This Teacher Sees a Future with Remote Learning

The graphic shows Kristin Filling, a learning specialist in NYC who is adapting to remote learning.

Kristin Filling is a Learning Specialist and Administrator at an independent boys’ school in New York City. When her school made the transition to remote learning in March, Kristin had to quickly adjust to working from home, as well as develop a new remote curriculum. 

Thank you to Kristin for sharing her experience with remote education and how she’s made the adjustment to working from home as a teacher and as a team leader. 

As it became clear that the pandemic was not slowing down, teachers and administrators at Kristin’s school recognized the necessity of planning for virtual learning. Starting the week before they were set to go on spring break, Kristin and her team prepared for remote teaching, which she stated was unfamiliar at the time; “The nature of education was such that people felt like you couldn’t really do it online.” 

Keeping 8-10 year-olds engaged

Part of the challenge for Kristin and the other teachers was figuring out the best way to ensure that even young children remained engaged when learning online. As she works primarily with 8 to 10-year-olds, determining the best platforms and methods for teaching and distributing content for these ages was essential. 

While conference calls and some virtual meetings were a part of her job before the start of the pandemic, the majority of Kristin’s work was done in person, working with students and other teachers. The move to remote work meant shifting to Zoom classes and planning virtual lessons and activities for the kids, which also meant sitting in a chair for hours at a time. 

Remote learning = adapting to change

Thankfully, Kristin’s family was also engaged with their own remote work and schooling, which limited distractions at home. She was able to set up her own office space where she could field the constant calls she was receiving. “If I had young children I don’t think I could have done it”, she adds, laughing.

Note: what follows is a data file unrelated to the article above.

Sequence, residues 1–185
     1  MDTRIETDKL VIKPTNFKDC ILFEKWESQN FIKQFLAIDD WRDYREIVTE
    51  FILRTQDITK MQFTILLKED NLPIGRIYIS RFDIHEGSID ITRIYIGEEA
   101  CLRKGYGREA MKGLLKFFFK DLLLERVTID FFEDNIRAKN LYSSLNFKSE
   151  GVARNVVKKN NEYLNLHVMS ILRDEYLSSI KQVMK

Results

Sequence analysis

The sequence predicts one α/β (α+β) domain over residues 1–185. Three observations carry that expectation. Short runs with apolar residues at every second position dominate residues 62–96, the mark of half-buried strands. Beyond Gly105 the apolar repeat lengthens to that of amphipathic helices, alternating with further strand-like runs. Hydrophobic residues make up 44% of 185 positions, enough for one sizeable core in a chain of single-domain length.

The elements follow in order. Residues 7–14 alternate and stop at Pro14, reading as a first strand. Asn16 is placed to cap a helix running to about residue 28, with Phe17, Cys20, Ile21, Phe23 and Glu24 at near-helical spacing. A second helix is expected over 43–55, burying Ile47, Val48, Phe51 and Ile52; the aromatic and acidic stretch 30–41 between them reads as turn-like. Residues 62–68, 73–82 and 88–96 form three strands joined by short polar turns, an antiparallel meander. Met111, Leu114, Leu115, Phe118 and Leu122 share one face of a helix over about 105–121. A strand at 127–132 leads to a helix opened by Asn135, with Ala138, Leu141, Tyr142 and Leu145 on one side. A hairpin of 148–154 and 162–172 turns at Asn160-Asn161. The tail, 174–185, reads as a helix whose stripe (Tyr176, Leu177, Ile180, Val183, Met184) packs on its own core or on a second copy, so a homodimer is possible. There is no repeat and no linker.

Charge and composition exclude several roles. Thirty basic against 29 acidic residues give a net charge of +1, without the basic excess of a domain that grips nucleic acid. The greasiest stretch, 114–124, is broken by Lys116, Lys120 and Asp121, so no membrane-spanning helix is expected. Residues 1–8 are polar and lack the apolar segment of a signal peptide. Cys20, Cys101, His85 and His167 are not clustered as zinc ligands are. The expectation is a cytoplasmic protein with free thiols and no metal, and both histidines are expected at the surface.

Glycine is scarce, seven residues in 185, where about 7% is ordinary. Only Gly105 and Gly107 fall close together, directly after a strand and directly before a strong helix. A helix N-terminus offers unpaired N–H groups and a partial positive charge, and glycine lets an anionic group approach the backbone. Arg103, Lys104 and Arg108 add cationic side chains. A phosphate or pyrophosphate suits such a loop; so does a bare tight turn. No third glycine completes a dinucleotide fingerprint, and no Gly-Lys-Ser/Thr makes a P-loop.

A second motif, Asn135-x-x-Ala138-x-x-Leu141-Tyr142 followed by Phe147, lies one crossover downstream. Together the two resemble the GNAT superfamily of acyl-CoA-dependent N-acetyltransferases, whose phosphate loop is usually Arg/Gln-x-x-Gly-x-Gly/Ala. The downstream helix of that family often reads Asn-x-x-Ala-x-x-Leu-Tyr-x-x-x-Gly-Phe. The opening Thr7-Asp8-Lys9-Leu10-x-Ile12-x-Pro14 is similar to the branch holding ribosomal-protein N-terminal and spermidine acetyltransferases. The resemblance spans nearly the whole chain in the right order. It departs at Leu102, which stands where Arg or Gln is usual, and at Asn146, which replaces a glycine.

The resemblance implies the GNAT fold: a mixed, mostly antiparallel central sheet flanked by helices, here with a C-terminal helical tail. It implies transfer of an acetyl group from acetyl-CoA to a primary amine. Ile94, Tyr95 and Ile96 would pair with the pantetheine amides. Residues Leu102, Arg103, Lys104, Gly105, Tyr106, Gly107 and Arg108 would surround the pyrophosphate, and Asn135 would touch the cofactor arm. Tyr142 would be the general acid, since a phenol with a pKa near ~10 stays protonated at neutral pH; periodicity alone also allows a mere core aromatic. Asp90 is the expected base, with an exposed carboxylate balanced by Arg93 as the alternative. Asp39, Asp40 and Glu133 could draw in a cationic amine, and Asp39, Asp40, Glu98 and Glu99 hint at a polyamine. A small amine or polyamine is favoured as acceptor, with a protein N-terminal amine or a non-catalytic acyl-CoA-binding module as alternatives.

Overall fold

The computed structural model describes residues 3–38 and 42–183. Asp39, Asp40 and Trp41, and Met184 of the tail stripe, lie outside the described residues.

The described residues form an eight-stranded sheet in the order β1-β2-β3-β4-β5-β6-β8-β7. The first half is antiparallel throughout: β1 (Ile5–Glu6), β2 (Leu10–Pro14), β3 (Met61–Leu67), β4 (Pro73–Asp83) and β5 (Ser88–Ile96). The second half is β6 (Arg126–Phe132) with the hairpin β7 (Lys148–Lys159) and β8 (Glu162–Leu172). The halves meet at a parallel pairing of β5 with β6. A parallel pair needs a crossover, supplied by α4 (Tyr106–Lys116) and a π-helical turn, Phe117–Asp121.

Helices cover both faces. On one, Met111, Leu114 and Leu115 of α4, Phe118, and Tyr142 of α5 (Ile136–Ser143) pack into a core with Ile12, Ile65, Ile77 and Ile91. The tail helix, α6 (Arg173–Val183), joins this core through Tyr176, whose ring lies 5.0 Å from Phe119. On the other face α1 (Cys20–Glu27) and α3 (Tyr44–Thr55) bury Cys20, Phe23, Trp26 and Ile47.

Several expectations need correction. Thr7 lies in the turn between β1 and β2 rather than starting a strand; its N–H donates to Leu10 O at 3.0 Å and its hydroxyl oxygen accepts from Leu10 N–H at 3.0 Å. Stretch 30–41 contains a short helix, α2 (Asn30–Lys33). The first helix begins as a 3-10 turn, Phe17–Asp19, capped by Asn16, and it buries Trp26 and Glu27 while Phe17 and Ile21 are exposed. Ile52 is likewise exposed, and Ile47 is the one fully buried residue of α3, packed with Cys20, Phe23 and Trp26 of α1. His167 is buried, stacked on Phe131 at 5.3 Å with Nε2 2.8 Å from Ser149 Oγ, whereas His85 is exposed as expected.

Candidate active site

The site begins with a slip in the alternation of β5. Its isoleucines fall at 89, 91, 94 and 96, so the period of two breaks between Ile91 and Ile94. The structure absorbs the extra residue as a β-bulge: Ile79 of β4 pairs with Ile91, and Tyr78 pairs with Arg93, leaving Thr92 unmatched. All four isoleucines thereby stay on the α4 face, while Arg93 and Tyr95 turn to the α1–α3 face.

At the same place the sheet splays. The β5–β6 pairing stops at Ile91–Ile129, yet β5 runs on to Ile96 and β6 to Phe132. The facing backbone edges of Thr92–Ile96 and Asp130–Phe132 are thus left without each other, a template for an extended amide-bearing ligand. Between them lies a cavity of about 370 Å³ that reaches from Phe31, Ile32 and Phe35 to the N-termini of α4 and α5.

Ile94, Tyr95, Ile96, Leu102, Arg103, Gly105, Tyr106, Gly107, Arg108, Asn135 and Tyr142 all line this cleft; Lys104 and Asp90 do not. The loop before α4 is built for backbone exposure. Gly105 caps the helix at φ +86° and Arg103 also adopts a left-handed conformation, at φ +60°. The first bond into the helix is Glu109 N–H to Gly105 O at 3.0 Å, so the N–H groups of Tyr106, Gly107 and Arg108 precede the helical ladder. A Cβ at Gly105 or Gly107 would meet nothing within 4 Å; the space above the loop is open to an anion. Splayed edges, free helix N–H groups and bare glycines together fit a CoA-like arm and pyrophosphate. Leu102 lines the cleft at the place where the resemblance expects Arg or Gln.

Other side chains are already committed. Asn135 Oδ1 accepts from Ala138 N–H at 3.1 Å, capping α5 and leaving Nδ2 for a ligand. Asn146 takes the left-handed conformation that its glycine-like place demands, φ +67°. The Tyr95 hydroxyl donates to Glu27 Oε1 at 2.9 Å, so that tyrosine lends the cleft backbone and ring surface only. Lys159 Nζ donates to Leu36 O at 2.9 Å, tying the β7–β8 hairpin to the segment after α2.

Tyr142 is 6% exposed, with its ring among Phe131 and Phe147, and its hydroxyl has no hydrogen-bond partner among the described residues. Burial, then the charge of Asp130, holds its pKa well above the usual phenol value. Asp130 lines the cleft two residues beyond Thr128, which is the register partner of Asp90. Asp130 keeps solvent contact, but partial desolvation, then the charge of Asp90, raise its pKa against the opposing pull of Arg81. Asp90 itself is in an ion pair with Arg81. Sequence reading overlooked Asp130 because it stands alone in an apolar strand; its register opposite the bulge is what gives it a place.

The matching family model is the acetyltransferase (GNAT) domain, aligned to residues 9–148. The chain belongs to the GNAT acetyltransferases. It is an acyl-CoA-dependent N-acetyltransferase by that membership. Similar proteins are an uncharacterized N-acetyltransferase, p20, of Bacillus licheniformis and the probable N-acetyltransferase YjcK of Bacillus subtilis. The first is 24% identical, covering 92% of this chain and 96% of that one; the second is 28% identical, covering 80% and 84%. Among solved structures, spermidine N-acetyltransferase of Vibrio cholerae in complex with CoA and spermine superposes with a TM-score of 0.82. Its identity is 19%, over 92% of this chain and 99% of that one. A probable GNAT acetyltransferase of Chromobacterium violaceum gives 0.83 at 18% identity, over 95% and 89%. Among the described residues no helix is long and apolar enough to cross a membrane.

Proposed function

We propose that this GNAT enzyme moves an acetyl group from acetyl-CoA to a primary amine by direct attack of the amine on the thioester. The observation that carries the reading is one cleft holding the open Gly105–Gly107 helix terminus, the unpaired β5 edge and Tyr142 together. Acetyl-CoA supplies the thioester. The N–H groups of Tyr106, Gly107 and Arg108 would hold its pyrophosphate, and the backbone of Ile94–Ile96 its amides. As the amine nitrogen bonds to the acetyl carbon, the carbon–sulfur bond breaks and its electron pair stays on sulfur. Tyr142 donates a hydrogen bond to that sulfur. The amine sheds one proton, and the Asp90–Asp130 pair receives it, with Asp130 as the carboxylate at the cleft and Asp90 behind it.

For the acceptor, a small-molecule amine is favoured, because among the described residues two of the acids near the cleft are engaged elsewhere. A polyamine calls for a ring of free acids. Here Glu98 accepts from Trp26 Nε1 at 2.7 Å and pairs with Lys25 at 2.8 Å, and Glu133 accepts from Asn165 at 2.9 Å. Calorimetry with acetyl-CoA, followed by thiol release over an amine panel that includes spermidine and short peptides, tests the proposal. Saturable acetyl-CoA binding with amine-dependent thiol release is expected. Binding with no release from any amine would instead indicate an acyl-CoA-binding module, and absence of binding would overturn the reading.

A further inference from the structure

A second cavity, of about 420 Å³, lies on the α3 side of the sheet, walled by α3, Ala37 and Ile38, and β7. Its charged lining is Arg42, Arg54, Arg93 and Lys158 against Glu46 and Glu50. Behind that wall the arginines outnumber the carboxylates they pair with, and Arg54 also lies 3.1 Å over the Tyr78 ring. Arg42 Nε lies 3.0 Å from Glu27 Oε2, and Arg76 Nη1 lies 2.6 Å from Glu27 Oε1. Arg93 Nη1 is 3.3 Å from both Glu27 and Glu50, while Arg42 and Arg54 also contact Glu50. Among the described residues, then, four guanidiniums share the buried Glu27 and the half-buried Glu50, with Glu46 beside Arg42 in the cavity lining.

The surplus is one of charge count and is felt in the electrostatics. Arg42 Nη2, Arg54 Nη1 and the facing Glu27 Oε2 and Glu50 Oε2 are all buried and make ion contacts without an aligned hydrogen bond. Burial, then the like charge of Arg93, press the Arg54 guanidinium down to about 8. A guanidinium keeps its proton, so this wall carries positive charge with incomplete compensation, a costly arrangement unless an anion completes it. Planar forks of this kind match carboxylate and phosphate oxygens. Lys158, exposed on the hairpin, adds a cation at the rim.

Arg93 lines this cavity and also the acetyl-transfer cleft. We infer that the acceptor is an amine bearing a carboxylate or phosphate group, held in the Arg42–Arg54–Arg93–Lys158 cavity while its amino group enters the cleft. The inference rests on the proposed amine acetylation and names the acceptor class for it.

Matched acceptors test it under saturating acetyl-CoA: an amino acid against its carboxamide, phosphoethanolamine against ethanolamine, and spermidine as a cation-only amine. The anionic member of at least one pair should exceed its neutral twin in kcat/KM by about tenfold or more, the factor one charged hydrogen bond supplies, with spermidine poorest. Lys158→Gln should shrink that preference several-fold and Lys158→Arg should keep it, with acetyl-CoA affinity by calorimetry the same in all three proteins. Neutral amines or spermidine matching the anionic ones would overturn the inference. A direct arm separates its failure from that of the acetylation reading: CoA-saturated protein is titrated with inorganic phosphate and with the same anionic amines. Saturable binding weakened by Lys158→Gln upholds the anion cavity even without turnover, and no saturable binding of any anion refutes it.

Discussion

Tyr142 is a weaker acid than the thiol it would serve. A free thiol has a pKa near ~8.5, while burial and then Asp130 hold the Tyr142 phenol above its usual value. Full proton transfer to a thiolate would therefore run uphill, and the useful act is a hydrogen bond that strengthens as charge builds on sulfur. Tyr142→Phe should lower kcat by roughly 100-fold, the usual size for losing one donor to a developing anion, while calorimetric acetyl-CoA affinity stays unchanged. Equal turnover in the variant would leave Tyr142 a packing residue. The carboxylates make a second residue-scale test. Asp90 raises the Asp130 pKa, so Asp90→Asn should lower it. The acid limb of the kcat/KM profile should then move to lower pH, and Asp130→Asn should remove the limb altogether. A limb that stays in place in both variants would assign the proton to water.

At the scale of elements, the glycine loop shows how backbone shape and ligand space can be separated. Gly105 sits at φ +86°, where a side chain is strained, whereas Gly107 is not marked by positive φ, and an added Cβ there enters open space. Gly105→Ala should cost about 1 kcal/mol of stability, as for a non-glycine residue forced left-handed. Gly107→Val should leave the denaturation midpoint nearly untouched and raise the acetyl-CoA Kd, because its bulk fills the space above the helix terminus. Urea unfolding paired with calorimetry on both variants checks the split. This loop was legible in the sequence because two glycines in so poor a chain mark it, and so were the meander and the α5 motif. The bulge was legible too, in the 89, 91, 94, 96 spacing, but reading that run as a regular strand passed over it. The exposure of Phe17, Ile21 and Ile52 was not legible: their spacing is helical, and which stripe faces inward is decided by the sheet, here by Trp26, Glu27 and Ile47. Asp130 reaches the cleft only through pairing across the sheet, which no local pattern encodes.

Kristin figured out most of the plans for remote learning on the fly, meaning that breaks in the day were rare. Because she dealt not only with other teachers and administrators but also parents who had their own work schedules, there was no real cut off point to Kristin’s workday. 

The loss of her two-hour train commute was both a blessing and a curse, as it made separating work and home life all the more difficult. Kristin remarked that “I had this time that was very much my own where I could do computer work, et cetera, and then I didn’t have to do it on the other end”. 

Learning from the experience

Despite the challenges of remote learning, Kristin has continued to learn from the experience. She believes the growing use of technology in teaching can be really useful, but that she may not have taken the time to develop her technology skills had it not been for the pandemic. She also appreciates the work her co-workers have put into building even stronger, more meaningful relationships that helped them all get through this big adjustment. 

The future of education has definitely been changed by the rise of remote learning. While she doesn’t believe online schools will overtake traditional education, Kristin stated that “I think from now on this as a choice will exist.” However, she knows that many educators and students at her school are eager to return to the classroom as soon as possible as virtual learning can mean the loss of crucial socialization. 

The continued uncertainty of the pandemic means Kristin has continued working through the summer. Creating stronger boundaries around her working hours, however, has become a priority for Kristin no matter what. It’s also her biggest tip for others in a similar position.